Drawing this out further is the important idea that loss aversion does not exist in a vacuum, and as such, there is a reflexive relationship between the success (or lack thereof) of prior decisions and the nature of present and future decisions to be made.  For the typical investor, “after prior gains, he becomes less loss averse.”[4] In other words, people are most risk-seeking after periods of success and most risk-averse after periods of failure.  Meanwhile, prudence would dictate practicing the converse.  This pendulum of risk tolerance fluctuates back and forth dependent on the most recent market action.  Collectively, these ideas relate to another concept we have long discussed—the notion that people fear a crisis most in its aftermath, rather than its inception.  It is thus no surprise that some of the biggest doomsayers in today’s press are those who were caught most off-guard by the crisis in 2007-2009. 

So where do we stand today on this sliding scale of risk aversion?  We think it remains clear that investors have been severely impacted by the recent crisis.  Investors are so risk averse in today’s environment, that in aggregate, they would rather flee into the perceived safety and certainty of returns in bond markets, while simultaneously ignoring longer-term bond market risks and foregoing a more reasonable tradeoff between risk and reward in equity markets.  Despite markets making all-time highs, there remains a healthy skepticism, and even anger, at the very fact this is happening amidst what remains an economy performing closer to trough than peak levels.

As always, we continue to make our decisions based on our sensitivity to price in each and every individual investment that we make, though we are equally cognizant of the sentiment towards risk and reward around us.  When markets are making highs, so many want to be “the one who called the market top” yet we can assure you of only this—on the way up there will be many tops before there is THE top, and it is our belief that through prudent bottoms-up fundamental analysis and disciplined asset allocation we will best insulate ourselves from the type of risks that were borne out in 2007-09.


Past performance is not necessarily indicative of future results.  The views expressed above are those of RGA Investment Advisors LLC (RGA).  These views are subject to change at any time based on market and other conditions, and RGA disclaims any responsibility to update such views.  Past performance is no guarantee of future results. No forecasts can be guaranteed. These views may not be relied upon as investment advice.   The investment process may change over time. The characteristics set forth above are intended as a general illustration of some of the criteria the team considers in selecting securities for the portfolio. Not all investments meet such criteria.  In the event that a recommendation for the purchase or sale of any security is presented herein, RGA shall furnish to any person upon request a tabular presentation of:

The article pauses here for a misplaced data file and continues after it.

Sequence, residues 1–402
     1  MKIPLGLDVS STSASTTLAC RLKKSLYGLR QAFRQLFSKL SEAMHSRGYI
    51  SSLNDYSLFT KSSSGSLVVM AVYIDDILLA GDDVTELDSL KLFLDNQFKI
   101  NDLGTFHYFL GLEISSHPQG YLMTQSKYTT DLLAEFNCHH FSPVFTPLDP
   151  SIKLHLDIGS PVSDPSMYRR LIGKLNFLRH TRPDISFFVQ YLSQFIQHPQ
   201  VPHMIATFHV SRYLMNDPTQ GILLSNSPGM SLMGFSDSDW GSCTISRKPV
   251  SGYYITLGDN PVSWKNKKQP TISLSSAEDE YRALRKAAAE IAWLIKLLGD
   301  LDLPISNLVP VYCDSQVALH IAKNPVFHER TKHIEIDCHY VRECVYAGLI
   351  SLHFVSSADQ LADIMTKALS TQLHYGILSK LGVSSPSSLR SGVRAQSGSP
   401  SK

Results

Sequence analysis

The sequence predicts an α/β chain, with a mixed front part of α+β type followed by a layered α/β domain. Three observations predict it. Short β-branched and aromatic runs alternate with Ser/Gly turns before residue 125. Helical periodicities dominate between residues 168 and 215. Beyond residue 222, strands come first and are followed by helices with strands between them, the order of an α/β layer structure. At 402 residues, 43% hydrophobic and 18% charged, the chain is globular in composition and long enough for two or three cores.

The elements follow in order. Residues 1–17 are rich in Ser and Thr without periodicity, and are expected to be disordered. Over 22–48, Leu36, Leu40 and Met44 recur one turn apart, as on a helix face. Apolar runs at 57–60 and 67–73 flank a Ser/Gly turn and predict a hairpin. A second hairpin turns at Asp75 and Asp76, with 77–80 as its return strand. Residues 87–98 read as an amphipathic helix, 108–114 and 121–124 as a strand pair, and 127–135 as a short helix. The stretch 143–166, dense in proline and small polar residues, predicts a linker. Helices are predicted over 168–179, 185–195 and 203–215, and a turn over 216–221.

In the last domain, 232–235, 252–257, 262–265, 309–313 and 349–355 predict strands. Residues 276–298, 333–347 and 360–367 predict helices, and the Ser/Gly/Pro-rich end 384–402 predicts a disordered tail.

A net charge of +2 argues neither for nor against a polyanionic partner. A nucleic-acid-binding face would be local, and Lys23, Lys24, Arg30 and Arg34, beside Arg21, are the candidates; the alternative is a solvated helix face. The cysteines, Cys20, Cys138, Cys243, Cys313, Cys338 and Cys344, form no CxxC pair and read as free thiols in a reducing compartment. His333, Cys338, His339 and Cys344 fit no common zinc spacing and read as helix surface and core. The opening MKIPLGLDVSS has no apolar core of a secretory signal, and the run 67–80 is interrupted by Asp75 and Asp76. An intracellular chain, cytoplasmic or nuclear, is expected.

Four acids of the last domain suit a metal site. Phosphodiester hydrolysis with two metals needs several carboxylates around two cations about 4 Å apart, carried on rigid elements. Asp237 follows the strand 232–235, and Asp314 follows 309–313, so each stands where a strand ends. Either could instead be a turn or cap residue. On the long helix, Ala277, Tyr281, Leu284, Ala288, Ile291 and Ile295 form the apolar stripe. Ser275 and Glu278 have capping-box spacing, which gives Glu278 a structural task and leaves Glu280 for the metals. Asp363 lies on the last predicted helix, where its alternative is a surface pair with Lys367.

(i) The total number of shares or other units of the security held by RGA or its investment adviser representatives for its own account or for the account of officers, directors, trustees, partners or affiliates of RGA or for discretionary accounts of RGA or its investment adviser representatives, as maintained for clients. (ii) The price or price range at which the securities listed in item (i) were purchased. (iii) The date or range of dates during which the securities listed in response to item (i) were purchased.


[1] http://www.investopedia.com/terms/p/prospecttheory.asp

[2] http://www.jstor.org/discover/10.2307/1914185?uid=3739808&uid=2&uid=4&uid=3739256&sid=21102235131477

[3] Notes from Nicholas Barberis at Sante Fe Institute’s Risk: The Human Factor conference. /compounding-the-blog/?currentPage=2

[4] http://forum.johnson.cornell.edu/faculty/huang/prospect.pdf